How to trademark your identity?
Trademarking your identity is a procedure like any other. The process involves preparation and due diligence from the onset to avoid complicated and expensive matters later. Once you learn and understand trademarks and how they can serve your needs, you must finalize your distinctive sign, image, or logo and prepare for researching the relevant art. It's important to discover existing trademarks to make sure you are not infringing on another entity's protected identity. If so, you might be on the losing side of a law suit. Therefore, it's important to determine from the onset prior to venturing down the trademark path what other trademarks exist. Most people will hire patent agencies that charge a fee for a trademark search. We recommend RG Patent Consulting, a professional patent agency in Scottsdale, AZ that offers professional trademark searching services at competitive rates. Click here to learn more.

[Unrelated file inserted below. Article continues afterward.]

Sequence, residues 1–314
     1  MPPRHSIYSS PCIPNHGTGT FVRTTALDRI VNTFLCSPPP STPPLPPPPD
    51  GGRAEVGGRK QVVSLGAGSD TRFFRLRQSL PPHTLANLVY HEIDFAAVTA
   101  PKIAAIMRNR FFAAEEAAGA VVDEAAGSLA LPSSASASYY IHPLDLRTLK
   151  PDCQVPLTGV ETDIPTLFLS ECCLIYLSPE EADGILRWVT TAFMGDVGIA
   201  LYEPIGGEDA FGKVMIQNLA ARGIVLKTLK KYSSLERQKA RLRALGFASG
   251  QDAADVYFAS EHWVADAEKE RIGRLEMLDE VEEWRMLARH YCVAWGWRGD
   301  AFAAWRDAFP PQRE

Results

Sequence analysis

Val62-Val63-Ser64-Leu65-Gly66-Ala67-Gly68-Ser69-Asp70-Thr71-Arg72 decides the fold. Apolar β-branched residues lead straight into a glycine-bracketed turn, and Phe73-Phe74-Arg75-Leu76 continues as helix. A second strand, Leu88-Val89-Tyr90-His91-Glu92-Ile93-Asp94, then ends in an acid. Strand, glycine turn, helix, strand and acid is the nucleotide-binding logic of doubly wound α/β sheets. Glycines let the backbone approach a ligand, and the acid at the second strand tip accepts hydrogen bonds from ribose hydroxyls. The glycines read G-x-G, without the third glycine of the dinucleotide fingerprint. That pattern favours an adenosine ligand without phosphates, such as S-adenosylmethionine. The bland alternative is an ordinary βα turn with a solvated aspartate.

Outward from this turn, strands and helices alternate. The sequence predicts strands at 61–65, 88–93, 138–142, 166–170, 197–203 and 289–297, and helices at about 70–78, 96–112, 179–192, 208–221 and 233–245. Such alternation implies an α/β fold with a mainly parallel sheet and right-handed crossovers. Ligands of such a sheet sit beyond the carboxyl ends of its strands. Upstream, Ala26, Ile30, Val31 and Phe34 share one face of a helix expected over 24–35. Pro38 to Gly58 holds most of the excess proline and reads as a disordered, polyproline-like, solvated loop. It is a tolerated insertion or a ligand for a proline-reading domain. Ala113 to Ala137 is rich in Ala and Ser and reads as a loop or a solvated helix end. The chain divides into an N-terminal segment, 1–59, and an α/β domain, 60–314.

What is a trademark?
A trademark is a distinctive sign or indicator used by a legal entity (such as an individual or a business organization) that identifies the entity's products or services in the consumer market. Trademarks are useful for brand name recognition, establishing reputability, and subliminal marketing. The goal of a successful trademark is to become a recognizable face for the entity. (Find image of TM logo .png and insert)
A trademark is designated by the following symbols:
- ™ (for an unregistered trade mark, that is, a mark used to promote or brand goods)
- ℠ (for an unregistered service mark, that is, a mark used to promote or brand services)
- ® (for a registered trademark)
A trademark is typically a name, word, phrase, logo, symbol, design, image, or a combination of these elements.
Trademarks fall in two categories: registered marks and common law marks
A registered trademark is a trademark that has been registered, authenticated, and issued by the United States Patent Trademark Office (USPTO).
A common law trademark is an unregistered image or brand that has been publicly disclosed and known to the consuming market as being associated with a specific entity. Common law trademarks are often restricted by geography and modernly most entity's file for trademarks as to avoid any future issues regarding infringement.